Dr. Jane Goodall, the renowned chimpanzee expert, carries a stuffed monkey with her just about everywhere she goes.
Goodall, 79, is quick to point out to the uninitiated that monkeys are not, in fact, chimpanzees. Then why is a woman best known for her work with chimpanzees always seen with a plush monkey?
The toy, "Mr. H," was given to Goodall 22 years ago, a gift from magician Gary Haun, who is legally blind but performs feats of wizardry on stage behind dark glasses, never letting kids know that he can't see.
It is a reminder that nothing is impossible, Goodall said.
"Every single day each of you live, you make some impact on the planet. You have choices as to what you do," the scientist told third, fourth, fifth and sixth graders at Alexander Valley School on Monday morning.
"In everything you do, you have a choice," she said, encouraging them to be the kid who picks up a single piece of litter every day.
Goodall spoke to every student at the school, sharing stories of her life among chimpanzees in the Tanzanian jungle studying the lives and habits of the primates.
Her work earned her accolades and fame. She was named Dame Commander of the Order of the British Empire and United Nations Messenger of Peace.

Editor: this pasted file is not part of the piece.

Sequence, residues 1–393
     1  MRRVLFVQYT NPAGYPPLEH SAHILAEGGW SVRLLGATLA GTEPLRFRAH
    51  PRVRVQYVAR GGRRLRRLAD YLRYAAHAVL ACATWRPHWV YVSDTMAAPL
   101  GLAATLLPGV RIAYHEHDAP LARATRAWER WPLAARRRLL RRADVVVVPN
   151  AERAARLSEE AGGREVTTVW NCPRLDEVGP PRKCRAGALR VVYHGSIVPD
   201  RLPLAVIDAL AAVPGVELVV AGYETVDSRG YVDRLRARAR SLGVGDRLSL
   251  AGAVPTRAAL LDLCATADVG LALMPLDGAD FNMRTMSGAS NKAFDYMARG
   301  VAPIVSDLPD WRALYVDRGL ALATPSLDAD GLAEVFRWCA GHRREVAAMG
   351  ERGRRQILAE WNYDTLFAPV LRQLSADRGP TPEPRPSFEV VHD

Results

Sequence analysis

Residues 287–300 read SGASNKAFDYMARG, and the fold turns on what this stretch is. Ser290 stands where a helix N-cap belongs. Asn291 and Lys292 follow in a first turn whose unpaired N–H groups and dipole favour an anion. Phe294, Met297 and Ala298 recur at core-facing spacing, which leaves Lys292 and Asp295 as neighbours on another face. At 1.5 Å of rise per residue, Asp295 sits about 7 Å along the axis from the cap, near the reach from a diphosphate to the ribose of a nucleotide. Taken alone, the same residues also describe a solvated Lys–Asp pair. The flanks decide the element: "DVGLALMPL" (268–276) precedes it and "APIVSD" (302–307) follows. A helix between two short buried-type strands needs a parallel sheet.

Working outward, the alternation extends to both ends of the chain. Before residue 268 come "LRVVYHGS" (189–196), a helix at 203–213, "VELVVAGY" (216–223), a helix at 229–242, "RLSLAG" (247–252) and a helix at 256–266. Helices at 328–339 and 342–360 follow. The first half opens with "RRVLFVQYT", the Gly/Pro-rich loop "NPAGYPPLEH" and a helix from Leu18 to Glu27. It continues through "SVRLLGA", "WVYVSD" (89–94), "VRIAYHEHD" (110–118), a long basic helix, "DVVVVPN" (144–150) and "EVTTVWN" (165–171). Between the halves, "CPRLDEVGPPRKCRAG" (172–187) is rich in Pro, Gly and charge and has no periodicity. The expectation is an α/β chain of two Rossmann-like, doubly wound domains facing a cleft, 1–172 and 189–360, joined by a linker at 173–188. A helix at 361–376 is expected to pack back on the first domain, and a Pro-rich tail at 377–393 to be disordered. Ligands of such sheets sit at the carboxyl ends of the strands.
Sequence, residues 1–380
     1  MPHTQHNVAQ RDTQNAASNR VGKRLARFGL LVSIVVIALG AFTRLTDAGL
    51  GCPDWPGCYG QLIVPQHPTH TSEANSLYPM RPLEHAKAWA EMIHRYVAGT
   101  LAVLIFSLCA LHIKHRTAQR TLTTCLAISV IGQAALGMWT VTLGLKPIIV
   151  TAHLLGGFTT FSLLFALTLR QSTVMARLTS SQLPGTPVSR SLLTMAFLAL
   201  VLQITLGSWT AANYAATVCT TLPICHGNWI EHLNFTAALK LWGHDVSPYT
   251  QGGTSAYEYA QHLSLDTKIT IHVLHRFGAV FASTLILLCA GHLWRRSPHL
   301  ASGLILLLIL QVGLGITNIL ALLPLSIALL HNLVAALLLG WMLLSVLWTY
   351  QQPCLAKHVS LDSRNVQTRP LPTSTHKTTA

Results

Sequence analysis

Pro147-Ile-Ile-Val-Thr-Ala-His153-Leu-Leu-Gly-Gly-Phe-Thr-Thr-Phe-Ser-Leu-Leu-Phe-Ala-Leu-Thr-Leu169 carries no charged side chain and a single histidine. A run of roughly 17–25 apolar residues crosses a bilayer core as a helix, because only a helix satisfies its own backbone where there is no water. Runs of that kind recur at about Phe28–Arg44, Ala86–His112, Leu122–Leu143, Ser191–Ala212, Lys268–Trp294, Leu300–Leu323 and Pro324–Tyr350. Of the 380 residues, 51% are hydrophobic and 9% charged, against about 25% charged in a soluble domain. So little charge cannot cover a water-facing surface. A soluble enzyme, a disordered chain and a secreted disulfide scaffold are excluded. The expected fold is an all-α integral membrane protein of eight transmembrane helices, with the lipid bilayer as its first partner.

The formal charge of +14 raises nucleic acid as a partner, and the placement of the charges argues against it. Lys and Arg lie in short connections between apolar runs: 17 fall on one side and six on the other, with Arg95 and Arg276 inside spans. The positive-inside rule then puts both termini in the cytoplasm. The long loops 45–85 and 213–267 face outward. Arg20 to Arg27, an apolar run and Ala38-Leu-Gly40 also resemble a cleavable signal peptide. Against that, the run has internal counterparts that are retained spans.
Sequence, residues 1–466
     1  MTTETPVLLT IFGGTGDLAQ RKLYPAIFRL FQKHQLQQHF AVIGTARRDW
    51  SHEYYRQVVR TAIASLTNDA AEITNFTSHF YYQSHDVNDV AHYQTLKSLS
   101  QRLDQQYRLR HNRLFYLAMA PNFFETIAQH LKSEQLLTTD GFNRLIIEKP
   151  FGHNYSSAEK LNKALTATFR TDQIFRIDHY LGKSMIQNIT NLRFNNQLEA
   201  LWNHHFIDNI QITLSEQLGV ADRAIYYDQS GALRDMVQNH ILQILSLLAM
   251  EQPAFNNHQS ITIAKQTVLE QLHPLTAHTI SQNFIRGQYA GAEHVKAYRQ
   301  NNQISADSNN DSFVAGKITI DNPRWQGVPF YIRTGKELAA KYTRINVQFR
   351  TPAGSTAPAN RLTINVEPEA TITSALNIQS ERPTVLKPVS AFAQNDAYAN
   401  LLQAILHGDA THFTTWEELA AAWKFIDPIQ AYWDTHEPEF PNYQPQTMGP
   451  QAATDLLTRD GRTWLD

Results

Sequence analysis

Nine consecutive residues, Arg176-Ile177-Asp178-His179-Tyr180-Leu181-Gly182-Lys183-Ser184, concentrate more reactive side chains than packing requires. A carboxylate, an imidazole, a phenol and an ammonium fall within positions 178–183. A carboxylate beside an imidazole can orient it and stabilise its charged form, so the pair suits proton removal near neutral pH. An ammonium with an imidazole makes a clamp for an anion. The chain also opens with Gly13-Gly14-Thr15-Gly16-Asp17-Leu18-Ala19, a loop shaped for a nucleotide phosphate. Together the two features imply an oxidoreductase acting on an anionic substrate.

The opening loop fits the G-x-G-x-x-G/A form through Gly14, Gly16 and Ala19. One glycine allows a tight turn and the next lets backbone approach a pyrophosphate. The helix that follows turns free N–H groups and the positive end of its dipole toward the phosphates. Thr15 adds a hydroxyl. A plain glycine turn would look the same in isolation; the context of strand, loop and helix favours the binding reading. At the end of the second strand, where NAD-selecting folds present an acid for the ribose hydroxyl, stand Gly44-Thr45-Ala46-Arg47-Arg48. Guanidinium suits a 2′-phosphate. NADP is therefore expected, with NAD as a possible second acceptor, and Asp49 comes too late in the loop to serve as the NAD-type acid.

Goodall earned world renown for her research and methodology. She named chimpanzees rather than numbering them and she interacted with them, coming into physical contact with some animals — practices that also garnered some criticism.
Her first contact with a male chimpanzee was a threatening whack on the head, she said. Her second was chimpanzee "David Greybeard's" refusal of an offered nut. Instead, he reached out and held her hand, Goodall told students.
"He very gently squeezed my fingers. He told me he didn't want the nut, but he was telling me he understood me," she said.
"She was amazing, very amazing," said fifth grader Gabriella Monahan.
Others were drawn to Goodall's determination as a young woman set on paying her way to Africa to study animals.
"When everyone doubted her when she was a little girl saying 'Oh, you can't do that,' I learned anyone can do anything if they just set their mind to it," said Shai Fichtelberg, a fifth grader.
Goodall has expanded the focus of her talks and professional campaigns beyond chimpanzees. The Jane Goodall Institute Roots and Shoots program provides strategies for getting students to embark on environmental and humanitarian projects.
Alexander Valley School has established a Roots and Shoots program, joining similar programs in 132 countries, Goodall said.
Goodall appeared at the school at the behest of Lynn and Jeff Horowitz, longtime supporters of the school who became friends with Goodall through environmental awareness campaigns.
"We just want to make these kids motivated," said Jeff Horowitz, founder of Avoided Deforestation Partners and owner of Rio Lago Ranch and Vineyard in Alexander Valley.
"I want them to be inspired to see that they can make a difference," Principal Bob Raines said. "It's within them already to make a difference right now."